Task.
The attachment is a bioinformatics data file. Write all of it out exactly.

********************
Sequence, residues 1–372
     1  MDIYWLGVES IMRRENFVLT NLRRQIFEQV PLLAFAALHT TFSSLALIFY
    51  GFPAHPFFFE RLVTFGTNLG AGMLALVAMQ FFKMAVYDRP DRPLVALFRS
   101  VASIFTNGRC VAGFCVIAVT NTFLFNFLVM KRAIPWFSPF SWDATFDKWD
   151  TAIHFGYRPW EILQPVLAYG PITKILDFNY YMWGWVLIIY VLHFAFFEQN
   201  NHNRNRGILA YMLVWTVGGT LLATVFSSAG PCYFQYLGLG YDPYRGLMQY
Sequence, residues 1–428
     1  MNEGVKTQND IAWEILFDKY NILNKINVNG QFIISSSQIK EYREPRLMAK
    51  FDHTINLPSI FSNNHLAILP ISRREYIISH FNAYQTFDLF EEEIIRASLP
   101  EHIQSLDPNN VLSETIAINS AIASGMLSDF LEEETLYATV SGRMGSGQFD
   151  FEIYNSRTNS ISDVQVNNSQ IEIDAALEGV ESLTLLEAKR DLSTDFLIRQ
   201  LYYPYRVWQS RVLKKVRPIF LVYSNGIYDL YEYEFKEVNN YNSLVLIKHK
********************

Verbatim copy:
Sequence, residues 1–372
     1  MDIYWLGVES IMRRENFVLT NLRRQIFEQV PLLAFAALHT TFSSLALIFY
    51  GFPAHPFFFE RLVTFGTNLG AGMLALVAMQ FFKMAVYDRP DRPLVALFRS
   101  VASIFTNGRC VAGFCVIAVT NTFLFNFLVM KRAIPWFSPF SWDATFDKWD
   151  TAIHFGYRPW EILQPVLAYG PITKILDFNY YMWGWVLIIY VLHFAFFEQN
   201  NHNRNRGILA YMLVWTVGGT LLATVFSSAG PCYFQYLGLG YDPYRGLMQY
Sequence, residues 1–428
     1  MNEGVKTQND IAWEILFDKY NILNKINVNG QFIISSSQIK EYREPRLMAK
    51  FDHTINLPSI FSNNHLAILP ISRREYIISH FNAYQTFDLF EEEIIRASLP
   101  EHIQSLDPNN VLSETIAINS AIASGMLSDF LEEETLYATV SGRMGSGQFD
   151  FEIYNSRTNS ISDVQVNNSQ IEIDAALEGV ESLTLLEAKR DLSTDFLIRQ
   201  LYYPYRVWQS RVLKKVRPIF LVYSNGIYDL YEYEFKEVNN YNSLVLIKHK